Depression Worsens Over Time for Dementia Caregivers, Study Suggests



Caring for a partner or spouse with a new dementia diagnosis is associated with worsening, and long-lasting, depressive symptoms, according to a new study that underscores the toll caregiving can have on families facing an FTD diagnosis.

The study, conducted by researchers at the University of Michigan (U-M), identified a 30% increase in depressive symptoms in older adults caring for a partner recently diagnosed with a condition that causes dementia, as compared to those without a partner diagnosis.

This sustained depression over time is important because partners are often caregivers for many years, lead study author Melissa Harris, a doctoral student at U-M, said in a news release. While research suggests that depression can spike after a traumatic event, such as a serious medical diagnosis or accident, most people often return to their previous emotional health, a trend that was not observed in the study.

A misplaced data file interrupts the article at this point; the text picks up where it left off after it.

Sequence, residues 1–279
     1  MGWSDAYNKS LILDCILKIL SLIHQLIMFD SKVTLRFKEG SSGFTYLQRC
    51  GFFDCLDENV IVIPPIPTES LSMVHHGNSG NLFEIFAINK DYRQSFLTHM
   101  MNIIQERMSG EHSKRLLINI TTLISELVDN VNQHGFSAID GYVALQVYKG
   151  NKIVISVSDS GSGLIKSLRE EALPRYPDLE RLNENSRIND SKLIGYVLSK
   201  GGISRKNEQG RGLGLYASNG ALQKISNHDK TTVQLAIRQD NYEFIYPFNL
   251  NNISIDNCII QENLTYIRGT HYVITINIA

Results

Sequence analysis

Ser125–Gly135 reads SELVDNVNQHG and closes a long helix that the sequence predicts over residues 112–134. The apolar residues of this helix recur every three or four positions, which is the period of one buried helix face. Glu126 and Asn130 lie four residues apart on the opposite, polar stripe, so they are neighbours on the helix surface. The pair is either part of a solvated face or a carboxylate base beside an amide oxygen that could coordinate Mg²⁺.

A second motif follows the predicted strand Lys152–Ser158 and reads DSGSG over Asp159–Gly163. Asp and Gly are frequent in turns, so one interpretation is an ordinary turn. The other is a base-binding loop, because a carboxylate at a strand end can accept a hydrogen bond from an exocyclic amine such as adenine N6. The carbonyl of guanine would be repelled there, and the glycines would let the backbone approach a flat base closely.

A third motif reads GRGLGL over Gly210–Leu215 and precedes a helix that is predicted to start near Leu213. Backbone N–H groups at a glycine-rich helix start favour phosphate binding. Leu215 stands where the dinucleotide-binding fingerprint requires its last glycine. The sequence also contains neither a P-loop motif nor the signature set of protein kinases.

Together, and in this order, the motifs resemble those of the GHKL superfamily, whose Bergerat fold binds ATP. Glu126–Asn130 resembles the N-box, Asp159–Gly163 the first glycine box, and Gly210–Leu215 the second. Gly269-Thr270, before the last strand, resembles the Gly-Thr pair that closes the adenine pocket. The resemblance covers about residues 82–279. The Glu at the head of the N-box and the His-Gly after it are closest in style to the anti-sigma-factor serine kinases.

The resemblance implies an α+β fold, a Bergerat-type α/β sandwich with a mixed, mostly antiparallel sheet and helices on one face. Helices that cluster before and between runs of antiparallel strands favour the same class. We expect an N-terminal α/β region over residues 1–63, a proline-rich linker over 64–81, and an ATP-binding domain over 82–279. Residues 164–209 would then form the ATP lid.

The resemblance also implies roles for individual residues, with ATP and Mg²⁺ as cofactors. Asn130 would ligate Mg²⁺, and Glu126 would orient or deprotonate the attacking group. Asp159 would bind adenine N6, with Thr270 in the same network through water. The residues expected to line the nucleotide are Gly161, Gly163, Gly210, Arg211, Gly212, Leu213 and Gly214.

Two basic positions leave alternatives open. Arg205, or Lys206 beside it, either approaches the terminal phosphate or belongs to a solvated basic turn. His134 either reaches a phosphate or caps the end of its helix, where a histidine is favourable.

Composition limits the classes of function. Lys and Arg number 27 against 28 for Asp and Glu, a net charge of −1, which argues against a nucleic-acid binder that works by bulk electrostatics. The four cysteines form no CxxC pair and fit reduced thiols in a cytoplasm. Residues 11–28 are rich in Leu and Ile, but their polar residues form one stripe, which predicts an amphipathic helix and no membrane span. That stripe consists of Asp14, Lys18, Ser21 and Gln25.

Harris and fellow researchers also point to the effect depression can have on caregivers’ overall health, which may be compounded by social isolation caused by the COVID-19 pandemic. Overall, the findings emphasize the need for caregivers to be mindful of their own well-being and to ask for support after a loved one is diagnosed.

“It’s so important to ask for advice and support early on,” Harris said in the release. “We saw these increases within two years [of diagnosis], and they were sustained for two years and beyond. Caregivers should remember that their health is just as important as their partner’s and substantially impacts the health of the person with dementia.”

Caregivers experiencing challenges related to the COVID-19 pandemic can visit the AFTD website for information and resources, as well as coping and mindfulness tools.

To read more about the study, click here.